Making a commitment: There are plenty of ways for parents, guardians, teachers, administrators, staff to get involved

With the changes to education governance announced by Premier MacLauchlan and Hon. Hal Perry, Minister of Education, on November 5, 2015, home and school members – parents, guardians, teachers, administrators and staff at schools across the province – have new opportunities for engagement with and influence over the conduct of public education. It is both an exciting time, and one which will require new levels of commitment to the values that home and school has always held dear.

The most immediate action required by home and schools is the selection of a representative to the new Family of Schools District Advisory Councils.

Productive discussions at semi-annual association meeting

Forty-eight members of home and school associations from across the province, along with 18 guests from the Department of Education, Early Learning and Culture, the English Language School Board, education sector unions and others gathered at Three Oaks Senior High School on October 20, 2015 for the Semi-Annual Meeting of the PEI Home and School Federation.

Make the most of the annual meet-the-staff night

In the weeks to come, as we begin this new school year, the yearly “meet the staff” night will be held at each school across the province.  “Meet the staff,” though, is a misnomer, for these events are as much an opportunity for staff to meet families as they are for families to meet staff. If home and school is, at its core, about the ongoing conversation among parents, guardians, teachers, administrators and staff, then these meetings are an important start to that conversation, an opportunity for setting the scene for a year of engagement.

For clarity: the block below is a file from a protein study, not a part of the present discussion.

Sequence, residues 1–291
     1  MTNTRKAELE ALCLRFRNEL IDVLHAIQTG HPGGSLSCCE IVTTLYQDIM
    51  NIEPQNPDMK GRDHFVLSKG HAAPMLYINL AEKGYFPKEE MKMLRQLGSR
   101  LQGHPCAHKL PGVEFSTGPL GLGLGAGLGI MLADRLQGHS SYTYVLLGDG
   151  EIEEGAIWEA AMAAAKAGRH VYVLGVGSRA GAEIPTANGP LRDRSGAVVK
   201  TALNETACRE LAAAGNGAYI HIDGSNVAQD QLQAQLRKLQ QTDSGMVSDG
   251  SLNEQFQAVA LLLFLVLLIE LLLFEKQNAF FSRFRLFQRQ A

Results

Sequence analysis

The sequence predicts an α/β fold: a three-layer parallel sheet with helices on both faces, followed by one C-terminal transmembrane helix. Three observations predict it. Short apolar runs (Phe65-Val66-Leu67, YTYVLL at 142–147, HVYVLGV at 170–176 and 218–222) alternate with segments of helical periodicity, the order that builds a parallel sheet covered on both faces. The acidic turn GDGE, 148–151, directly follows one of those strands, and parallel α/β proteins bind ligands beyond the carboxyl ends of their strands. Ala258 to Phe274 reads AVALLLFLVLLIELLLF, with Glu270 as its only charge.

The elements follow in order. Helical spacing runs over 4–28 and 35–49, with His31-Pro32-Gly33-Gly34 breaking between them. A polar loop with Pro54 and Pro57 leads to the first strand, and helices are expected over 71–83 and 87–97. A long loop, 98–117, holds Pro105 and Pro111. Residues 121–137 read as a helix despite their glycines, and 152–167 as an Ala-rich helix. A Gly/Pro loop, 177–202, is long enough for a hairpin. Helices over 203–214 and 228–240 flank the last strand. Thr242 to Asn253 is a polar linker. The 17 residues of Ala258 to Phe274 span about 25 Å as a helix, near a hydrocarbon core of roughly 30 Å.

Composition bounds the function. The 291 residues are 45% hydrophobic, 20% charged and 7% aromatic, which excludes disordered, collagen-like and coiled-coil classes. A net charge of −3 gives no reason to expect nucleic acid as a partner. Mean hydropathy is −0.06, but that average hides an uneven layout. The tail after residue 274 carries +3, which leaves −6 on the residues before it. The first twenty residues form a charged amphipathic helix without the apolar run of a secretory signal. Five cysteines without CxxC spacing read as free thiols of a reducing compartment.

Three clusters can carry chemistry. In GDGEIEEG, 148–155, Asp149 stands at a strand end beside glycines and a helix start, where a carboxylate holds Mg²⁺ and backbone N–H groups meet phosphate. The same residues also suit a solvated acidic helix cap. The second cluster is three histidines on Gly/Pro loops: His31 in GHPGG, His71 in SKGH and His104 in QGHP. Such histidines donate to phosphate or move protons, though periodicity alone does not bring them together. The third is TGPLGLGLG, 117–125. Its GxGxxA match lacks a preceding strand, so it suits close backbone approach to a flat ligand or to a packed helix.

In this spirit, all members of the school community are encouraged to rethink “meet the staff” night and to create opportunities, beyond “everyone gathers in the gym to hear about when the bells ring” toward building the relationships upon which successful home and school partnerships are built.

When all of the partners in public education work together, great things are possible...

The following opinion piece appeared in The Guardian newspaper on June 26, 2015.

If I have learned anything in my 8 years of involvement with Home & School, it’s that public education is a complicated system with many moving parts: issues that appear simple – “let’s extend the school day by 30 minutes,” for example – are, in truth, a complex thicket of issues ranging from bus routes to union agreements to after-school childcare to the provincial budget.

What gives me great hope is that when all of the partners in public education – parents, guardians, teachers, administrators, unions, boards, department – work together, great things are possible.

Retirees honoured for their service

This month will see the retirement of many employees that Home and School members have had in their daily lives for many years: 43 teachers, 10 cleaners and custodians, 9 bus drivers, 9 educational assistants and youth service workers, 7 administrative assistants, and 2 board office staff from the English Language School Board.  All were honoured with a dinner in late May hosted by the board. 

Home and School associations are encouraged to ask their school administrators for the names of staff retiring from their school and to recognize these retirements locally. Recognition at graduation or school closing events, a card and gift, or a collection of notes of appreciation from students are among the ways to recognize retiring staff.